- Market Reversal: CCI can be used to trade move reversals. After CCI moves beyond the +100 and -100 range, we can open a contrarian trade to bet on the return to the normal range.
- Continuation: When CCI reaches particularly extreme positive or negative values, it can be a signal of further move continuation.
- Divergence: Like many other popular indicators, CCI can give signals of trend weakening through divergence with the price. For example, if the price makes new highs, but CCI keeps making lower highs, then the trend is losing momentum, and the possible reversal is near.
The limitations of CCI
The market continuously changes from normal to extremes. The CCI indicator attempts to track this cycle from the mathematical point of view and that is what makes it work under normal conditions. However, not all kinds of price action can be smoothed away by a mathematical formula. In volatile, choppy markets CCI will give many false signals. The proper stop-loss strategy must be employed along with the signals from the indicator to be profitable in the long-term.
CCI basic trading signals
The simplest CCI strategy would fit medium to long-term investors. Investors can buy when CCI goes above +100 and sell only when the indicator goes below -100. Every time CCI comes back to the values above +100, the investors can reenter the market or add to their positions. Vice-versa applies for the short-sell trades.
Short-term traders can also use these signals; however, they should take care of the more flexible system of exits. From the chart above we can see that exiting when CCI dips below -100 would not be an option for short-term traders, as that would cause tangible drawdowns.
Short-term trading techniques
Swing traders like to buy dips of the short-term trends and exit near the swing highs in case of an uptrend. CCI can help with identifying such entries and exits. After CCI goes below -100, traders can buy once CCI crosses -100 from below. The exit of the trade will be around the recent swing highs. The position can also be closed when CCI crosses +100 value and then drops down below +100 (see the chart below). For short-sell trades the vice-versa is applicable.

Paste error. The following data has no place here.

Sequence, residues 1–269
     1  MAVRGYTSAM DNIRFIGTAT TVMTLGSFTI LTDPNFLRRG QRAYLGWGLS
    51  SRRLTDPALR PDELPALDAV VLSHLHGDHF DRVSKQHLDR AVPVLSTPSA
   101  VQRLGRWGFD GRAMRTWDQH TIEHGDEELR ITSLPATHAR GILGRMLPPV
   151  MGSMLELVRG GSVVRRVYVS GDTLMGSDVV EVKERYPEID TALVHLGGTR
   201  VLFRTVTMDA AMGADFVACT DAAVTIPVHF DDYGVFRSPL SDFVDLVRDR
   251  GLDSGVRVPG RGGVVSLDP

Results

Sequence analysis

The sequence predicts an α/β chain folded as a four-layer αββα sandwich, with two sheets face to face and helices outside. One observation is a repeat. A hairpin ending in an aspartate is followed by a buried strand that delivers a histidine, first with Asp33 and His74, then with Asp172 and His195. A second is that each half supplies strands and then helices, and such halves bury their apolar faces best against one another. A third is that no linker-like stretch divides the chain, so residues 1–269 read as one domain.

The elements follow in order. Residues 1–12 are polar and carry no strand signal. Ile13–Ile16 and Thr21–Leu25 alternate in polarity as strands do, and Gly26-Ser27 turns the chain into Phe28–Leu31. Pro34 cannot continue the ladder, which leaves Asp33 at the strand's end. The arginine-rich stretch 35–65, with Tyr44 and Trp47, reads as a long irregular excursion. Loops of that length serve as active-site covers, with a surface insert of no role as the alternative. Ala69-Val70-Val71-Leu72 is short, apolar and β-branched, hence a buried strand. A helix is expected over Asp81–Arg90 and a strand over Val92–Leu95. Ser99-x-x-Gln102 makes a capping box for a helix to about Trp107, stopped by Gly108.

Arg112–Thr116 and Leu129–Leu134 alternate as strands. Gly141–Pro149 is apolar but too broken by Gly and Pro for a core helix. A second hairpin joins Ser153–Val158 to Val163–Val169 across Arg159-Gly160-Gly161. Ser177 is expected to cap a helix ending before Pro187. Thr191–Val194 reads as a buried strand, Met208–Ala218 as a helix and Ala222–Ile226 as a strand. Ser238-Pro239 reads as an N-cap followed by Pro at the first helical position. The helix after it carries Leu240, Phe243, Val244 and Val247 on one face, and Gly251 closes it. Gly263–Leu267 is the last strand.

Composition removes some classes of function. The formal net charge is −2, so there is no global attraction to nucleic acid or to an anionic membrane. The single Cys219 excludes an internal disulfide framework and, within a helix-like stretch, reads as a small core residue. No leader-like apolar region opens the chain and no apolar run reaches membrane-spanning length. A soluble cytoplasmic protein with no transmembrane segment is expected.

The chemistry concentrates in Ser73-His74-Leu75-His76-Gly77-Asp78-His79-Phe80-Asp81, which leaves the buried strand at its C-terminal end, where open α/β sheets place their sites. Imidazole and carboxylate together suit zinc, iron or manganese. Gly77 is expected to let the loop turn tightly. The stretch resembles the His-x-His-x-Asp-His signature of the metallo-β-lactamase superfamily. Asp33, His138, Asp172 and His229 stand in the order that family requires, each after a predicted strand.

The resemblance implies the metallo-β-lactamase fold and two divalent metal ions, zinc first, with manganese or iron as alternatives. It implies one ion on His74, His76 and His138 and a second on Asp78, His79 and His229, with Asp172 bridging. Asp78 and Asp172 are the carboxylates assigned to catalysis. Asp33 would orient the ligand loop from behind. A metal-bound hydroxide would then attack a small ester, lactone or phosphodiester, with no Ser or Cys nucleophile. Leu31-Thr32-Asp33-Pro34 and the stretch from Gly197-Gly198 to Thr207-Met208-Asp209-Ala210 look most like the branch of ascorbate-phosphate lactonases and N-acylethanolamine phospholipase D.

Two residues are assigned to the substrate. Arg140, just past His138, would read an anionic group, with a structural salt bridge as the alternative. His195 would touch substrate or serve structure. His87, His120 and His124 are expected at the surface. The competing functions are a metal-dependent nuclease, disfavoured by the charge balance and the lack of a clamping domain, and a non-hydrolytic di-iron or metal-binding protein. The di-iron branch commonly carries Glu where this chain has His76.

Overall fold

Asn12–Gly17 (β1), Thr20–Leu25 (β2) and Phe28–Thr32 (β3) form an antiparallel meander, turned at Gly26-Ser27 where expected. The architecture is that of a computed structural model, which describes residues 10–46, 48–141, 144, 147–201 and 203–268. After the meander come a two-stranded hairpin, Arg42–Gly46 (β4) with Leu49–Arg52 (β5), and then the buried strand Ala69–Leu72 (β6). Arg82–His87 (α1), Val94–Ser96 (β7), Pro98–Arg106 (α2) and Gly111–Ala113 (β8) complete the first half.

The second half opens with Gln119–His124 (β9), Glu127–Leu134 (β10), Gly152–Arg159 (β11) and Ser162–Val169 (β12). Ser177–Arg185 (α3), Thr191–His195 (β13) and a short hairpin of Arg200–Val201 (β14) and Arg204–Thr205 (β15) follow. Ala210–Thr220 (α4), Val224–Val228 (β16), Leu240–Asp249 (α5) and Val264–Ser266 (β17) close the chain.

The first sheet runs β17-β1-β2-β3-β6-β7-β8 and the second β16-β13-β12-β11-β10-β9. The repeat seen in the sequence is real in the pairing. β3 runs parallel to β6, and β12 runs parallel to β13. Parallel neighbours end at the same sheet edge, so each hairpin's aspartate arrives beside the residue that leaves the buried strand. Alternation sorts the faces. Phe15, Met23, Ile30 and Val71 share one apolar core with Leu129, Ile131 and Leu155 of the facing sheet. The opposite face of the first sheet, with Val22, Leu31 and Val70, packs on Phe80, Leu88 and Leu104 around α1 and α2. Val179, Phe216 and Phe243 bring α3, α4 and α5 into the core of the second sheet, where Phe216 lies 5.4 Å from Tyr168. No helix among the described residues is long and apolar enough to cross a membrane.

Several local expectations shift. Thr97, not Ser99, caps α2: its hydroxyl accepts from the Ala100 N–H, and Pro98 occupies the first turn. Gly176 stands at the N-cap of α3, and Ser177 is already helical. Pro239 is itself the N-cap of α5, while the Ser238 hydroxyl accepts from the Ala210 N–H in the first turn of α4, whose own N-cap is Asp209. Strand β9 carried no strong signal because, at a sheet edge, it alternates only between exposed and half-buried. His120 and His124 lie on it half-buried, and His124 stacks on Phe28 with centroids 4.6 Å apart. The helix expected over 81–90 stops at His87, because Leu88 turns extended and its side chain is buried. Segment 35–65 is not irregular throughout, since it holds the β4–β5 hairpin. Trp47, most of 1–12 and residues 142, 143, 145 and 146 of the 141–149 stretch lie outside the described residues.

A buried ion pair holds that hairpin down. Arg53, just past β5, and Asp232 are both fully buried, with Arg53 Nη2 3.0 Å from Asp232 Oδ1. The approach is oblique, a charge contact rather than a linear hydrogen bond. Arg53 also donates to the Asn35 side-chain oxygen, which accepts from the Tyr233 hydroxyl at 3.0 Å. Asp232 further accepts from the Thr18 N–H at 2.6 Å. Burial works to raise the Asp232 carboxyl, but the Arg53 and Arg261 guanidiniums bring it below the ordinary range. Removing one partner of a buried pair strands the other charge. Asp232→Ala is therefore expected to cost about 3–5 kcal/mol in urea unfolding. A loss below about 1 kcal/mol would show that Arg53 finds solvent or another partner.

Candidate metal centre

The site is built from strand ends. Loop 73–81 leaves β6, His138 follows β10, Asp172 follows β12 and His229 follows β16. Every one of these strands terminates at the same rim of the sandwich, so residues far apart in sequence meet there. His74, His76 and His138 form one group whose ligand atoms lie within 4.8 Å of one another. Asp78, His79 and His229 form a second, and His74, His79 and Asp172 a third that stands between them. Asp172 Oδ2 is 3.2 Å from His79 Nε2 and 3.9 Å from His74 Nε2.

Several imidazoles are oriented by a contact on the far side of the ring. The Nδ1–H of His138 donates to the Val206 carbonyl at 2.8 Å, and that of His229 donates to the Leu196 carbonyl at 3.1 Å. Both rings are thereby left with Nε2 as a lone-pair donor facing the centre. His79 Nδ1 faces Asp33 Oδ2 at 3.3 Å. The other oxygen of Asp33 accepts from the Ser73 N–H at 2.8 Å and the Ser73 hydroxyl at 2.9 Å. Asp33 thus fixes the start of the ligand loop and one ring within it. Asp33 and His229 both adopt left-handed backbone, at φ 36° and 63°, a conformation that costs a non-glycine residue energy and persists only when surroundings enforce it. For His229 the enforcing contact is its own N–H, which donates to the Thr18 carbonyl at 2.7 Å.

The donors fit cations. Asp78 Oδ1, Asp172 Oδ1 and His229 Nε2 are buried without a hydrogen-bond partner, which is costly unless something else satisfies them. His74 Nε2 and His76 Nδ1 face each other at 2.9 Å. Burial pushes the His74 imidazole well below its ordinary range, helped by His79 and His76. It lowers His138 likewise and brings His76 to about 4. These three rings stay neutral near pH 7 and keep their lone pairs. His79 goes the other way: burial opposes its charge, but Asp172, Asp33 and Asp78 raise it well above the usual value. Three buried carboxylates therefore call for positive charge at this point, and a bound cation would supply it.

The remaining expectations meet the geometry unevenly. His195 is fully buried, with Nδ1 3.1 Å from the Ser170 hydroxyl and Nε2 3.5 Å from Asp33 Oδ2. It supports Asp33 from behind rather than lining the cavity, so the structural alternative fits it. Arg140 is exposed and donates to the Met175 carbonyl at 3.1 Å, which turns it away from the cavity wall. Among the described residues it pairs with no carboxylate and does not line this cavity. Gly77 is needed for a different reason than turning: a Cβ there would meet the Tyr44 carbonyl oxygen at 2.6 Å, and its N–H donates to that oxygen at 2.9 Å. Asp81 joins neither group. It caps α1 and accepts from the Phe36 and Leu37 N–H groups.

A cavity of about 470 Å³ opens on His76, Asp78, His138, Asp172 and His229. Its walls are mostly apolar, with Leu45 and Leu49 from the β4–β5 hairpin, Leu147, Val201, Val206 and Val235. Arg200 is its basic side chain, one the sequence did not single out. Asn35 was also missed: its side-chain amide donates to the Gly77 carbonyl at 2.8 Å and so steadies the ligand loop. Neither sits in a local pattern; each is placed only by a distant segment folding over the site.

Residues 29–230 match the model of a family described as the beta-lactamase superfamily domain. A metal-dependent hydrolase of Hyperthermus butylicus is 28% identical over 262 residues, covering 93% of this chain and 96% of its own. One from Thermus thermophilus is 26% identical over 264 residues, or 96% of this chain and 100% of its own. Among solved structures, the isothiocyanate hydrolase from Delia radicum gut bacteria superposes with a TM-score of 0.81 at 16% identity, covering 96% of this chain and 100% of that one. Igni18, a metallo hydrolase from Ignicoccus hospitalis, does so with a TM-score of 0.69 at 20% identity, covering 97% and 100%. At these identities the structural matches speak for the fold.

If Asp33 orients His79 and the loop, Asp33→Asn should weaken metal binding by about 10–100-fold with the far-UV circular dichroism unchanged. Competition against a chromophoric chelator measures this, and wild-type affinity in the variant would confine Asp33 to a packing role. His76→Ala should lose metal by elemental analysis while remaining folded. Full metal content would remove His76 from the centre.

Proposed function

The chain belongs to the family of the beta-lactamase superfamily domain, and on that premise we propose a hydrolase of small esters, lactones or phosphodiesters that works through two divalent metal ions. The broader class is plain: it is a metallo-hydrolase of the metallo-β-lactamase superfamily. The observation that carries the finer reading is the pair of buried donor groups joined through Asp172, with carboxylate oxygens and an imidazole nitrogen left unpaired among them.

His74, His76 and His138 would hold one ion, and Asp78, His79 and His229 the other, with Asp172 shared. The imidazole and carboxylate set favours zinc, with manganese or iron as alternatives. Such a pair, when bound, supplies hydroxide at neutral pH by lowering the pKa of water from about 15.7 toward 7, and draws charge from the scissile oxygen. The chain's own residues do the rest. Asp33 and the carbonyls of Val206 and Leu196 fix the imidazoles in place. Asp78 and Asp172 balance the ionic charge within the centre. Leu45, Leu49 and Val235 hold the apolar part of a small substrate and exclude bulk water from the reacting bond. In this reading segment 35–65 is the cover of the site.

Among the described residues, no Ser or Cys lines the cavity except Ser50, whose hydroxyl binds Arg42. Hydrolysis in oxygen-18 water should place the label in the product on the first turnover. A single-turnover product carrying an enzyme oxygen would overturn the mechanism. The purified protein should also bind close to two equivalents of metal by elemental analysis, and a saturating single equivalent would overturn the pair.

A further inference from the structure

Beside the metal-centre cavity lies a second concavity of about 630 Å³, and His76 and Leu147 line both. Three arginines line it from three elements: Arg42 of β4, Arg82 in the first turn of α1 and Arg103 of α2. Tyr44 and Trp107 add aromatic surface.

We can get another kind of exit if CCI dips below -100 on the longer time frame.
You should adjust the rules of the entries and exits with CCI for the particular market you’re trading. You can buy when CCI crosses zero from below, so you’re sure that the pullback is over. Later on, you can exit after CCI rallies above +100 and dips below zero instead of +100. In this way, you can catch bigger moves in a strong trend.
The idea behind the CCI indicator is elegant – we seek for the times when things get extreme and vice versa. CCI is a great tool to ride trends in different ways. The indicator can generate the rebound-type signals and the breakout-type signals. We can also get profit taking signals with CCI. However, CCI doesn’t provide the signals to exit losing trades, the tools such as stop-loss based on price action, volatility stops or others must be applied to protect the capital.